Swimmer's itch

What is Swimmer's Itch?

Swimmer's itch is a skin rash that is caused by an allergic reaction to microscopic parasites that are carried by waterfowl, semi-aquatic mammals, and snails. As a part of their life cycle, these parasites are released by infected snails into the water. This is where they may come in contact with people and burrow into their skin.

The good news is the organism that causes swimmer's itch cannot complete its life history in the human body. Your body's immune system detects it as a foreign protein, then attacks and kills it shortly after it penetrates your skin. The itching and welts are not caused by the organism living under your skin, but by an allergic reaction.

Not everyone is sensitive to swimmer's itch. Some people show no symptoms of swimmer's itch even though others swimming at the same time and place break out severely. Much like poison ivy, however, your sensitivity to swimmer's itch will increase with each exposure. There are several over the counter remedies your pharmacist can recommend to help relieve the discomfort, but see your physician for a definitive diagnosis.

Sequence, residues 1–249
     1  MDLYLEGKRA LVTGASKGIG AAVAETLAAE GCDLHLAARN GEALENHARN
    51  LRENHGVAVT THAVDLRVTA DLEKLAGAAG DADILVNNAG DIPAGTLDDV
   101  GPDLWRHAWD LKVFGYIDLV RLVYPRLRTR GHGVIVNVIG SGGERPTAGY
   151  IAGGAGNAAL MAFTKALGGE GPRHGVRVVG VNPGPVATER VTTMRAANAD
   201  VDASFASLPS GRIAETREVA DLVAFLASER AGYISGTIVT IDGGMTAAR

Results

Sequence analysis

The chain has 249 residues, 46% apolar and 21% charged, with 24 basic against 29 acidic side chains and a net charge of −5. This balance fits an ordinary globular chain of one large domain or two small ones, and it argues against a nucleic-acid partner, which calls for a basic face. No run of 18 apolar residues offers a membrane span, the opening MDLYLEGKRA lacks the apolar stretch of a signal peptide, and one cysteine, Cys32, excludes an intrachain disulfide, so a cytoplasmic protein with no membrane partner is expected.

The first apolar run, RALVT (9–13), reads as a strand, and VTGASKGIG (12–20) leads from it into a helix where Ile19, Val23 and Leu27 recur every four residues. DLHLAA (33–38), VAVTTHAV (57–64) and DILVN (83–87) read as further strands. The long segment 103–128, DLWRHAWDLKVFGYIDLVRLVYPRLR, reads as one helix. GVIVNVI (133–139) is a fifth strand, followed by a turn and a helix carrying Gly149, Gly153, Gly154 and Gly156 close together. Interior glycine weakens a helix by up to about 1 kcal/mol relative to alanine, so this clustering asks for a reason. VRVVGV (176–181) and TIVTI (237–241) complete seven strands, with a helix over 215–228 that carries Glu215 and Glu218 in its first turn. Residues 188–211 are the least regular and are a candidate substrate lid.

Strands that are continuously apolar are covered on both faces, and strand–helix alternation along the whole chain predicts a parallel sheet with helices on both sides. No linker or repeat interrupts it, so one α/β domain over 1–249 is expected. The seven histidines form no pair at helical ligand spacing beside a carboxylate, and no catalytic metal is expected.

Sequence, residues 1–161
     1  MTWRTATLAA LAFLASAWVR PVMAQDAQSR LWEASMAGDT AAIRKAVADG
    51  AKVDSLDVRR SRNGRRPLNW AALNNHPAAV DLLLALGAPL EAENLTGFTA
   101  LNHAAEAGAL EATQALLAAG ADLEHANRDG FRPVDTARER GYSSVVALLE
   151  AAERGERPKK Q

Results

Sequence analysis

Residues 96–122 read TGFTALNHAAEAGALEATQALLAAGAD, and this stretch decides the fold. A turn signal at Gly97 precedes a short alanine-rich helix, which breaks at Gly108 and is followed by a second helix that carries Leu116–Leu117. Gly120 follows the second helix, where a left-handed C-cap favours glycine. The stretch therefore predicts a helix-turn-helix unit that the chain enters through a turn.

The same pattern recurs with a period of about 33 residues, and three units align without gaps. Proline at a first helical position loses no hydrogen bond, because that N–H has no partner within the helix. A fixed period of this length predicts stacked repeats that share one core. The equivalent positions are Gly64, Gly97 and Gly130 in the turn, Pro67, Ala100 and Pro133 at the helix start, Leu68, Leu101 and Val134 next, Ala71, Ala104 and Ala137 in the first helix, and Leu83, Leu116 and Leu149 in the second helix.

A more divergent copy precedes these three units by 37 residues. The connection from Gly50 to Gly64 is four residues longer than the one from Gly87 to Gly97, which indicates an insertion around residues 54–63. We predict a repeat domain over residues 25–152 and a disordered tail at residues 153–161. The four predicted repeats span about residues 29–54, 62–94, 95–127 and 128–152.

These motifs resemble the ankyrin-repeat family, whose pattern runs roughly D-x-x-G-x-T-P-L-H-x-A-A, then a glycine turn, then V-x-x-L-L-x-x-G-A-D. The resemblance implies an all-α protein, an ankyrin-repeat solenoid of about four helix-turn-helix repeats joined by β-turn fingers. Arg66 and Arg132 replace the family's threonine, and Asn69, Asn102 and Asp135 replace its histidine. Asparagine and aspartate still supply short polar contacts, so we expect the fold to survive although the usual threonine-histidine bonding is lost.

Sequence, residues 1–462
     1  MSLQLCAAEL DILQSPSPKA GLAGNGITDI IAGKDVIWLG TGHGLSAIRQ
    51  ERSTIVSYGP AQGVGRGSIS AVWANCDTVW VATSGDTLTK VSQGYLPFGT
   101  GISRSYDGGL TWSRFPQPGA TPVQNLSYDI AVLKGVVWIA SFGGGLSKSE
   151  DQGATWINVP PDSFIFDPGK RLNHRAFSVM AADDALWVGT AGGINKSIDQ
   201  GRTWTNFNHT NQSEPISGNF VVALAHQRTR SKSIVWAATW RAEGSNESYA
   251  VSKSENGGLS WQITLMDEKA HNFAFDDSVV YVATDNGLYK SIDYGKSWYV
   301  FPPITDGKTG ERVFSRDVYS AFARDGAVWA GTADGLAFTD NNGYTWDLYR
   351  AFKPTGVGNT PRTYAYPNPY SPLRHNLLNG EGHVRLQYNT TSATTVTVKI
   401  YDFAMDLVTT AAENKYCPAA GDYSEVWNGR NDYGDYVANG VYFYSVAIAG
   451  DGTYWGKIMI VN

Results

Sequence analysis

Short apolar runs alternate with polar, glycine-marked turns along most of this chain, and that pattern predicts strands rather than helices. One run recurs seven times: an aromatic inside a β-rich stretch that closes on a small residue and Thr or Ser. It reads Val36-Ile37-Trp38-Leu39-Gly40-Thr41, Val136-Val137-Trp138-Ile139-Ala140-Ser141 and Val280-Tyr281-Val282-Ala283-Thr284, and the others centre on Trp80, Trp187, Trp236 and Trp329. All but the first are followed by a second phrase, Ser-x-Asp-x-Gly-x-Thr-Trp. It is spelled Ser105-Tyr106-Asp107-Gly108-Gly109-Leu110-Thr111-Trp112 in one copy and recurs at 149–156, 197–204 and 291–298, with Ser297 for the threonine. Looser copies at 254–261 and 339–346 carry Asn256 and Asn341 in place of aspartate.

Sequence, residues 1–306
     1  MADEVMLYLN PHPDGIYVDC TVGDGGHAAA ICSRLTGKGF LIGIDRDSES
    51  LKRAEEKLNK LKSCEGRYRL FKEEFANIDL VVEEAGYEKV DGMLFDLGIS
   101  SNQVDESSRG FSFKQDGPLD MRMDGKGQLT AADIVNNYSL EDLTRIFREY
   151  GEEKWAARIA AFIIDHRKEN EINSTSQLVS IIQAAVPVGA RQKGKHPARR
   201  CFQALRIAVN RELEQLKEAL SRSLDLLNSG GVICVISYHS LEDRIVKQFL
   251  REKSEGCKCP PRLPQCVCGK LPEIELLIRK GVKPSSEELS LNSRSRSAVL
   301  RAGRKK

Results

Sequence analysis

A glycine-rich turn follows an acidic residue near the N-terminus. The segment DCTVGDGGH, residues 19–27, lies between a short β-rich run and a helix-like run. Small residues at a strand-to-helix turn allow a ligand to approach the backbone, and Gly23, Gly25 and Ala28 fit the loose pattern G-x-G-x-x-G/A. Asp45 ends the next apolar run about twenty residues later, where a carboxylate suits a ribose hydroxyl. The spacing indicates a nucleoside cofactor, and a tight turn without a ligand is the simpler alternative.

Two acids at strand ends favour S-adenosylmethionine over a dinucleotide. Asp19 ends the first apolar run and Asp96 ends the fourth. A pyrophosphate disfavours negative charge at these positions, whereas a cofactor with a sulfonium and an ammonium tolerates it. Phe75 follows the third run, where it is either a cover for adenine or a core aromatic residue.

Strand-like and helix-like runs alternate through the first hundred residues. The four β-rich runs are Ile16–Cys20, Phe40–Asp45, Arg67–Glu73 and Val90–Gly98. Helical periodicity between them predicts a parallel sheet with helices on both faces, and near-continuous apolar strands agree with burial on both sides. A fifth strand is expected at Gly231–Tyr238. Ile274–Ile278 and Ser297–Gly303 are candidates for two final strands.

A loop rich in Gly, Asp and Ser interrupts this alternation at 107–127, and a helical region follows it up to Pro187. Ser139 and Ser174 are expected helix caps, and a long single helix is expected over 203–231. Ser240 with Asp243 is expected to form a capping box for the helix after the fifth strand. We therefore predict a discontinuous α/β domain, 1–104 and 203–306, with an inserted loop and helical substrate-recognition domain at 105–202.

Where does it come from?

The organism that causes swimmer's itch has a complicated life history. It starts out in the intestinal lining of waterfowl, mostly ducks. The life stage that causes swimmer's itch is called a "cercaria" which is an immature stage of a blood fluke common in waterfowl. The cercaria only lives for a day or so and typically inhabits the upper few inches of lake water. This increases its chances of coming into contact with a duck (its definitive host). Once it's in the duck, it easily moves around the lake, and ultimately along the shoreline.

Swimmer’s itch is not spread from person to person.

Reducing the odds of getting swimmer's itch

There are actions you can take to help reduce the odds of getting swimmer's itch.


If these strategies don't work for you there is the option of getting a permit from your DNR regional fisheries office to use copper sulfate to kill the snails which are an intermediate host of the parasite. Infected snails release the life stage (cercaria) that actually causes swimmer's itch. The copper sulfate will only kill the snails present at the time of application, any snails which enter the area afterwards will not be effected. The relief provided may be temporary and more than one treatment may be required. Usually only a small percent of the snails in a lake carry the infection, and they may not be the ones around your dock.

For questions on identifying and managing aquatic plants, or swimmer's itch contact the regional DNR headquarters nearest you.